St. Teresa’s book is beautiful, providing guidance for strengthening our relationship with God – for moving from the easy, quick assertions of faith to a deeper awareness of God’s glory and love. We read the book in seminary. It was given to us in a course called Faith Formation--- required in our final year. The students always noted that the faculty had spent two years challenging our faith. It seemed that they recognized the need to start putting the pieces back together before they sent us out into the world. Perhaps they chose her book because, in the church, it is easy to get caught up in institutional life. The demands of being an institution can crowd out our awareness of God’s call to each and all of us. We forget that the church is a means to being grafted into the ways, the desires, and the call of the One who loves us. Perhaps, the church is merely one of those dwelling places on the way to encountering, more fully, the glorious Creator who, through the Christ, has redeemed us. The church is not the end.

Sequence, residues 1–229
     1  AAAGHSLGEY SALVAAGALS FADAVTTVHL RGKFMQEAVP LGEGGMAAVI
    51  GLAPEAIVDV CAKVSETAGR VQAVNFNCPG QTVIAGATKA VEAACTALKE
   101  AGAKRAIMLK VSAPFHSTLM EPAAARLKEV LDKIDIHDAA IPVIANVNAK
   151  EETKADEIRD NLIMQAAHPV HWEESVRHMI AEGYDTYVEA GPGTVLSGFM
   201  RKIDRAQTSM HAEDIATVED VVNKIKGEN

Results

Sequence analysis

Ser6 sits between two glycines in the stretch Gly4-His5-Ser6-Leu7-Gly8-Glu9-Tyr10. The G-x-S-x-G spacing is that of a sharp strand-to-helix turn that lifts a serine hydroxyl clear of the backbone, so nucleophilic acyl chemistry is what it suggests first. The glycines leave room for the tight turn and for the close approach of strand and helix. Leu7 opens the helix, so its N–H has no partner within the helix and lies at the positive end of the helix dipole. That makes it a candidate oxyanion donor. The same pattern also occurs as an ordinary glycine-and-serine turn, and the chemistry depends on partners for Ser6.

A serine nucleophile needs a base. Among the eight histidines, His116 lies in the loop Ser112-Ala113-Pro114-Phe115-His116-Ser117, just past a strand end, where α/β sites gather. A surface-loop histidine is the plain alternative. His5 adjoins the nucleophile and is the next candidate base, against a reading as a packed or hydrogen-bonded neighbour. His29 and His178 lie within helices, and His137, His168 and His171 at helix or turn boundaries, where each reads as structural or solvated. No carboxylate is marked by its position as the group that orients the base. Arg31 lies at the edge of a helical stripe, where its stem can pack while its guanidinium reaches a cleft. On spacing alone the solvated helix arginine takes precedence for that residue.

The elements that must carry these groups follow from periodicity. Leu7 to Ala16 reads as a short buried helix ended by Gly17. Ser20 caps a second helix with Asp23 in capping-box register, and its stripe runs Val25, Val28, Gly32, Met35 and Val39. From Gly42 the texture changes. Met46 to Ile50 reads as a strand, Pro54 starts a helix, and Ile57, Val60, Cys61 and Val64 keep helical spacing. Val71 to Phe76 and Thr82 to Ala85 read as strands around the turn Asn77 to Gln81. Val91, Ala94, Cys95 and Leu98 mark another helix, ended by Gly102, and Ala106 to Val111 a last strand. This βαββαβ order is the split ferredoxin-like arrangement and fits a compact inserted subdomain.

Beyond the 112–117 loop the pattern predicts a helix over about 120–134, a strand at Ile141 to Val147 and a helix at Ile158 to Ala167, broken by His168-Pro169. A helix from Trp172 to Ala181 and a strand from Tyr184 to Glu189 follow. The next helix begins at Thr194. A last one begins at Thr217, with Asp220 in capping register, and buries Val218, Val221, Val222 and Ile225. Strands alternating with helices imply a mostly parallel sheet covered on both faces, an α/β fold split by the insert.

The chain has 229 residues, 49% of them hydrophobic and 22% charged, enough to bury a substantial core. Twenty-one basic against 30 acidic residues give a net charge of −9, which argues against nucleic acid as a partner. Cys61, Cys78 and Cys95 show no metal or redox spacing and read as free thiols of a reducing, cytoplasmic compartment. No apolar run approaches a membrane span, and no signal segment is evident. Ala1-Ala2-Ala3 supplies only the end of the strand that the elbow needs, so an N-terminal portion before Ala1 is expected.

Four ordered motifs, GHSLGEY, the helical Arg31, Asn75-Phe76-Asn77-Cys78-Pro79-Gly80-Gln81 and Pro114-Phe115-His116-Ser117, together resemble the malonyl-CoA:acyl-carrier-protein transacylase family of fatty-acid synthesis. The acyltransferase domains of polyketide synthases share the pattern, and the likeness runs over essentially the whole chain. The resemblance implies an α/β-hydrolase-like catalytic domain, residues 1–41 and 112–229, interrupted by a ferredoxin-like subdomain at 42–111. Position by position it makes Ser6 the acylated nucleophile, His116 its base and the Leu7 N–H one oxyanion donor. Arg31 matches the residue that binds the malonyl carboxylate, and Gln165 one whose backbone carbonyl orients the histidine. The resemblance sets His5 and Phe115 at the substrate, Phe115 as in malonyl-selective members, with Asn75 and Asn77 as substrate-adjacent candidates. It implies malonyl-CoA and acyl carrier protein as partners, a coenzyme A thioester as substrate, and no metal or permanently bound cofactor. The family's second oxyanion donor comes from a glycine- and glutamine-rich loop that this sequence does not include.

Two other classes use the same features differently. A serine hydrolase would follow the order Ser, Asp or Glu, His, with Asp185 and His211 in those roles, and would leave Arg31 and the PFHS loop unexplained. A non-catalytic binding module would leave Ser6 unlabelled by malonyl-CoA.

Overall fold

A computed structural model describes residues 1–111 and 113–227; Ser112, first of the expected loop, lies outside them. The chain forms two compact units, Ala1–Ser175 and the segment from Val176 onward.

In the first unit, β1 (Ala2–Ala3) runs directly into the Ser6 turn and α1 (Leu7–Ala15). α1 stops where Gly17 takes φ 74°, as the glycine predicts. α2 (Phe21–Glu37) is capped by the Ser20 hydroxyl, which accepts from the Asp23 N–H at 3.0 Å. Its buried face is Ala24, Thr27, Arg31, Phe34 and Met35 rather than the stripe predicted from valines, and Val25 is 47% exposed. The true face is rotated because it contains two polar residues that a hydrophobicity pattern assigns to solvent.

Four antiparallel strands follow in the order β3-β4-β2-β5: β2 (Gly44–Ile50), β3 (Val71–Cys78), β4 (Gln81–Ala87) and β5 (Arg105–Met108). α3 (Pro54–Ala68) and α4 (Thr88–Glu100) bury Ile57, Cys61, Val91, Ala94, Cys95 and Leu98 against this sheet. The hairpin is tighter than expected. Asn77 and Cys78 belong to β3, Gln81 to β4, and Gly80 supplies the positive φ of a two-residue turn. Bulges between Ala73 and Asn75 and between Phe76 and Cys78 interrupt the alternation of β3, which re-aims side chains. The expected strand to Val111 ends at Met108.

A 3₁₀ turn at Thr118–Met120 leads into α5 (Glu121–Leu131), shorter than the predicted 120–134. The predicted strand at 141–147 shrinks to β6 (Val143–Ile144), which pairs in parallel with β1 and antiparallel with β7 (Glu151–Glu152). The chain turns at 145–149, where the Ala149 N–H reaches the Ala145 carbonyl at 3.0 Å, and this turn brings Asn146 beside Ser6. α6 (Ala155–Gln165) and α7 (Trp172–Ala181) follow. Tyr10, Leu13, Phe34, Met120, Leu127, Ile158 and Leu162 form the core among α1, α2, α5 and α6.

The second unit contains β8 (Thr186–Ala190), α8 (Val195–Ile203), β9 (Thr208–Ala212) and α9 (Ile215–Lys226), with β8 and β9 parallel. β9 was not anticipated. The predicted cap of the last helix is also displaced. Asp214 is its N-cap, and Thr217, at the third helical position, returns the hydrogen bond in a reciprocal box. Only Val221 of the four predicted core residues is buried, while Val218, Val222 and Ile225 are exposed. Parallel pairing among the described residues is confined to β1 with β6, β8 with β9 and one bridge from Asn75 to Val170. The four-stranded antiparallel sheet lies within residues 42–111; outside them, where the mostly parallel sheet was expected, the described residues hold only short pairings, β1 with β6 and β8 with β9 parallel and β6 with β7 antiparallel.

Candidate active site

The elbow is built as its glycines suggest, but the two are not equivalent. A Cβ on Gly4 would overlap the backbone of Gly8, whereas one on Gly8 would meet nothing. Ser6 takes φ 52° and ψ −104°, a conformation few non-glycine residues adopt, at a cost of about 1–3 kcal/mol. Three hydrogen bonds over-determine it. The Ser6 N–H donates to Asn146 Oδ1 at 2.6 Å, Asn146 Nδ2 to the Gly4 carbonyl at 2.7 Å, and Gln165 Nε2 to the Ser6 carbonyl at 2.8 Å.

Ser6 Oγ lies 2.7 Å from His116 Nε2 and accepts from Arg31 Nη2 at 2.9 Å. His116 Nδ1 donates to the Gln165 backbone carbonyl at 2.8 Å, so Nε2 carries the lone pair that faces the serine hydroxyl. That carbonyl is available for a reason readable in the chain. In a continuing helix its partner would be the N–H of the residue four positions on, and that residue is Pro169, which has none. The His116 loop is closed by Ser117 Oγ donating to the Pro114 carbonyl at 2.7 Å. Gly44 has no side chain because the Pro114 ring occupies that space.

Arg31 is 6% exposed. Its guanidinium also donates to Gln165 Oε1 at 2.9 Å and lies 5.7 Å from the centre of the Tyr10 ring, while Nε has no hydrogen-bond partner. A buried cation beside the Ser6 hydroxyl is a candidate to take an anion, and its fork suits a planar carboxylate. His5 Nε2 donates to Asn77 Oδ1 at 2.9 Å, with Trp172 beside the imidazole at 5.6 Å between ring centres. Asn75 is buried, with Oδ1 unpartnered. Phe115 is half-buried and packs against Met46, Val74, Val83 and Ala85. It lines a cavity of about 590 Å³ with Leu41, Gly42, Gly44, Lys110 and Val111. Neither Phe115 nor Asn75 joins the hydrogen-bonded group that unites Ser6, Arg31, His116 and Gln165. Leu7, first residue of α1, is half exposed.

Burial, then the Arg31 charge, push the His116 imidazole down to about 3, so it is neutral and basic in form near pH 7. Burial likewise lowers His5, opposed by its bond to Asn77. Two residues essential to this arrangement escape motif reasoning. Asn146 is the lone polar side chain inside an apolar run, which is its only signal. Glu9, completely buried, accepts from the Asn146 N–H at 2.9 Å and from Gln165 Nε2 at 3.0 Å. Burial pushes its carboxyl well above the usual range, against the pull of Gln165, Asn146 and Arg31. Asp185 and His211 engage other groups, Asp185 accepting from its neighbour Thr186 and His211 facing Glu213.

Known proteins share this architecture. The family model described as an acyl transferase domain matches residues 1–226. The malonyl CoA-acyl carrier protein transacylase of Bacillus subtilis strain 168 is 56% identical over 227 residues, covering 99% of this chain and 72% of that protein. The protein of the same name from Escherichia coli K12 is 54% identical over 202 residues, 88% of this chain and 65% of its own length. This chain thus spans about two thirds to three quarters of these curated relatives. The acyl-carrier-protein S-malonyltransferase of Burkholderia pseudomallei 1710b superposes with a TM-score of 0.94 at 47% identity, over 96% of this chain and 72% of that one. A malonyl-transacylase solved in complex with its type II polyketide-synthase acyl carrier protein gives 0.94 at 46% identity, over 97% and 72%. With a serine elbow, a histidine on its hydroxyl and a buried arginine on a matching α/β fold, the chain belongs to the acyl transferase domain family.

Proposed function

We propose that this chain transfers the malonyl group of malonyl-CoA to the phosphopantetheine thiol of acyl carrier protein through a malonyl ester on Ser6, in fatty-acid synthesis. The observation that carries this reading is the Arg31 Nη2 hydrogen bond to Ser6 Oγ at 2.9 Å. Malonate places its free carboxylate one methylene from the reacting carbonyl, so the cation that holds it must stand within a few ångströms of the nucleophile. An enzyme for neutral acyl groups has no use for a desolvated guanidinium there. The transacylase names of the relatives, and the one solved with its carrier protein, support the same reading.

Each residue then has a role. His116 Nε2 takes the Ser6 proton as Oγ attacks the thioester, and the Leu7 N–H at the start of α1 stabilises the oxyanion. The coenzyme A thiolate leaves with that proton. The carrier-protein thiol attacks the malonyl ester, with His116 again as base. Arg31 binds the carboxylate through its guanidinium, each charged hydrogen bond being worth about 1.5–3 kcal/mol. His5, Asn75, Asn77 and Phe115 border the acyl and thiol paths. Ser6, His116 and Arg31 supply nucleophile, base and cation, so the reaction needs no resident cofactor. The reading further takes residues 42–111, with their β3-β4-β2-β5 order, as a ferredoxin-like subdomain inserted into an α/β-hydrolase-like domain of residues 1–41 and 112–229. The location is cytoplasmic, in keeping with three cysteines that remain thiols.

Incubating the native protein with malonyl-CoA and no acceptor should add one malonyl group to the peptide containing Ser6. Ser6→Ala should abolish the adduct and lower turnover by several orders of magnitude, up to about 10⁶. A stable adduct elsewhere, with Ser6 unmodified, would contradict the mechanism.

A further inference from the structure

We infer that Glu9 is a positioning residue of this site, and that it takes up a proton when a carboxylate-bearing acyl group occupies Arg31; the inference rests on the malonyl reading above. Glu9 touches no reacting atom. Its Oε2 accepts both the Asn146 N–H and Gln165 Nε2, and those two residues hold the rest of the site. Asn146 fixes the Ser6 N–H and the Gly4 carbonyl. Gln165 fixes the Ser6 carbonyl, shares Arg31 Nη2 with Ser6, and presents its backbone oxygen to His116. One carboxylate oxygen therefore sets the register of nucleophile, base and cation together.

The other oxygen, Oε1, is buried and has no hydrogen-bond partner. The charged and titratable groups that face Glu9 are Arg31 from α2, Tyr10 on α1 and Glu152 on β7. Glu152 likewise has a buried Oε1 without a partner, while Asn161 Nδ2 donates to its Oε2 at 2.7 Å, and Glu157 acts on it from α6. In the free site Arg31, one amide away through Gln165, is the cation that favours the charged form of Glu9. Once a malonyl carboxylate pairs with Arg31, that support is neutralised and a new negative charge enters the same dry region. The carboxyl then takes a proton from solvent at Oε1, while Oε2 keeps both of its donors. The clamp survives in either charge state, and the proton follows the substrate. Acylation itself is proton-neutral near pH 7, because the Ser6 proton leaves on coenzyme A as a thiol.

That’s hard to remember, as we gather in our church building. Our life is organized around a place where we gather. We are shaped and caught up in the ways of the institution that is the church. Yet Jesus was always on the move. He traveled around Galilee, into Samaria, and down to Jerusalem. Early in his ministry, he sent his disciples out. Jesus said, responding to someone who wanted to follow him, “Foxes have holes, and birds of the air have nests, but the Son of Man has nowhere to lay his head.” The early church continued this sense of movement. Those who believed the good news of his resurrection carried that news as they went out from Jerusalem.